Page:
When we look back over a quarter of a century ago, there was a huge divergence between sport and technology: the latter synonymous with industry, and the former a weekend pursuit which showcased talent. Over the years, the two have become enmeshed, not just in complement but becoming inseparable, and the advancement in technology have brought a new viewpoint to the sporting world both from a spectator and participant’s standing. Back in 1993, the NFL introduced in-helmet headsets for quarterbacks to discuss plays with coaches on the fly.On a wider basis, we have seen Hawkeye technology in tennis, cricket, and even snooker recently, to not only assist those officiating, but also allow the armchair fan a way to settle arguments with their viewing counterparts.
Technology has not only helped develop and enhance the sports themselves, but also the safetyof those involved. In 1996, two years after the tragic deaths of Roland Ratzenberger and Aryton Senna at the San Marino Grand Prix, FIA president Max Mosley led a successful campaign to modernise and strengthen EU crash test standards for the first time since 1974. Mosley, one of only a handful of people within the sport to attend Ratzenberger’s funeral, lead the proposals to amend the European Parliament requirements together with promoting the European NCAP safety initiative and forming the Formula One Safety Commission.
Personal sport enjoyment
But how do these technological advancements apply on an individual level? Tablets and other handheld devices allow the consumer to keep a vast array of knowledge and information at their fingertips.The official Formula One App, for example, allows fans to have full access to all the lap times, news and driver information at the touch of a button, whether you’re at the track watching, or at home in the comfort of your living room. Within the world of golf,you can record and analyse your swing, andview an accurate distance to the pin via GPS.With tools like the TaylorMade R1 gives you a fully adjustable club to change the loft and weight balance on a whim.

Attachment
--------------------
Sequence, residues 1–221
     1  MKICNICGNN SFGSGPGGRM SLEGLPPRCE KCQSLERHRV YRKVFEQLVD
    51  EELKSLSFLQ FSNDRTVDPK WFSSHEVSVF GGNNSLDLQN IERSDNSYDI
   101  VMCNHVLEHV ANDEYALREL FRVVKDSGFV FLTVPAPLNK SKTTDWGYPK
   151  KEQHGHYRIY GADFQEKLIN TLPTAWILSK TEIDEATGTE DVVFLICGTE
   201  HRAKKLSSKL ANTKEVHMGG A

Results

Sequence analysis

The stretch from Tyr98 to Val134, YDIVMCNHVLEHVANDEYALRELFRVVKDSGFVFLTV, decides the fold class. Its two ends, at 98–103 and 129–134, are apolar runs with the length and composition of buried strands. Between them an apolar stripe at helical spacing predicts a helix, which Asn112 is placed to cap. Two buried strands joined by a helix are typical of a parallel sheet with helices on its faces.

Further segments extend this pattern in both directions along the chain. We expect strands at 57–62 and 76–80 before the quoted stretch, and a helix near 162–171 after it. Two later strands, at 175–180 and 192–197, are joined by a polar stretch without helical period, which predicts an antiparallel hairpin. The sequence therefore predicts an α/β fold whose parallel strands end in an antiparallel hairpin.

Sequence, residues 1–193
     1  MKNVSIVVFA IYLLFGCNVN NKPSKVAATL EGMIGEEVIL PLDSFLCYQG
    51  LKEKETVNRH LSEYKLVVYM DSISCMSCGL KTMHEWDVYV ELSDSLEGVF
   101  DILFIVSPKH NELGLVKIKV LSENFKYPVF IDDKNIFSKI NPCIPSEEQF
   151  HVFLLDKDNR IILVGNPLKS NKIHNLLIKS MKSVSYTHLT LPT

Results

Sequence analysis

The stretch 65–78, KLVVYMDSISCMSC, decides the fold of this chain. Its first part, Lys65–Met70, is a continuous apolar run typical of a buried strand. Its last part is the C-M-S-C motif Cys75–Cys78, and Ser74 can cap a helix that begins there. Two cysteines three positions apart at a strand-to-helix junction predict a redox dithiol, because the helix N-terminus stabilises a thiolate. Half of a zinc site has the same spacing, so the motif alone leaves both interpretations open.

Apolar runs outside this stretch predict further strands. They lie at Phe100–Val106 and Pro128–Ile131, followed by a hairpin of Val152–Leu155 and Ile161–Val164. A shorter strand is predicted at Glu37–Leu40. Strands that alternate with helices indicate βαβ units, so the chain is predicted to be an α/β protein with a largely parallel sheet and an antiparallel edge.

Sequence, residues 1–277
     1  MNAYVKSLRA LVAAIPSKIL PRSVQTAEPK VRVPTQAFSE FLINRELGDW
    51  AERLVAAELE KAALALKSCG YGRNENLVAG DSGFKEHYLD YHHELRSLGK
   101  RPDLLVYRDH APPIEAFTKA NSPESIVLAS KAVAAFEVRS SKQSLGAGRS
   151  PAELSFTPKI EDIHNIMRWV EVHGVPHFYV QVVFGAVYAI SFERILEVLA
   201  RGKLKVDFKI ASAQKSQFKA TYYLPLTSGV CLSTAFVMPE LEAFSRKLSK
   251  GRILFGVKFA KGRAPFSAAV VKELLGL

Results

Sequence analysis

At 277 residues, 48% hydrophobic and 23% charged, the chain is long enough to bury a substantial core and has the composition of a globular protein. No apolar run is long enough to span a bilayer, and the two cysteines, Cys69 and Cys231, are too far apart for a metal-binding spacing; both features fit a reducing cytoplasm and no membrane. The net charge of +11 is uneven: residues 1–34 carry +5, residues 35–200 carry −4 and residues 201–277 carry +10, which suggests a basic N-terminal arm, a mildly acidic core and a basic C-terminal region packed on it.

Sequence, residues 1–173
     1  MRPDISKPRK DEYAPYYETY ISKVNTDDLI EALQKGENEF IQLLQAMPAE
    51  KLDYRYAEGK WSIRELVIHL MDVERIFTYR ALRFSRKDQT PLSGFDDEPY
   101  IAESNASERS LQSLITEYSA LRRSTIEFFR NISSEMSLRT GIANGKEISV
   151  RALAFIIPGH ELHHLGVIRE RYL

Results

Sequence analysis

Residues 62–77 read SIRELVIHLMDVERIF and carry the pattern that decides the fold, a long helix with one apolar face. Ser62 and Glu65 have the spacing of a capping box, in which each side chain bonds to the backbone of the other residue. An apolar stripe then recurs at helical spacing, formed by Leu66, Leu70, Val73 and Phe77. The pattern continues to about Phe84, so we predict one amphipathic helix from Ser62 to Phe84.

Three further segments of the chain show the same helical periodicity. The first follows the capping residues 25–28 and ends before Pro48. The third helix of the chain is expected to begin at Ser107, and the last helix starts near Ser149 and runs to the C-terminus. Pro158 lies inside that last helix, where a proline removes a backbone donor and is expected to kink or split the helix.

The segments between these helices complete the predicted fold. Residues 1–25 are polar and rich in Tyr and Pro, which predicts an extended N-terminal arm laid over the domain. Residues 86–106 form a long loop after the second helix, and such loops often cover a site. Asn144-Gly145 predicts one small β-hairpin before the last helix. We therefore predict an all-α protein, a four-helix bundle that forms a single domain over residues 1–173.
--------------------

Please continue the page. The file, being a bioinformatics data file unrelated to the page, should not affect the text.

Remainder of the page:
Looking towards athletics, we have seen a huge rise in popularity in fitness bands such as the Jawbone and Fitbit. These are becoming an essential part of the runner’s toolkit, allowing instant access to heart rate information and calorie counts, split times and vocal encouragement. With others like the Under Armour Armour39, you are able to determine body position through an additional chest strap. The Adidas Boost and Reebok ATV trainers prove that technology doesn’t always have to come in binary form, with integrated energy capsules to provide extra comfort and multi-surface support respectively.
Gadgets have improved the world of sport immeasurably and will continue to do so for years to come, allowing users the chance to get closer to their heroes both through the use of information and the ability to improve their own talent.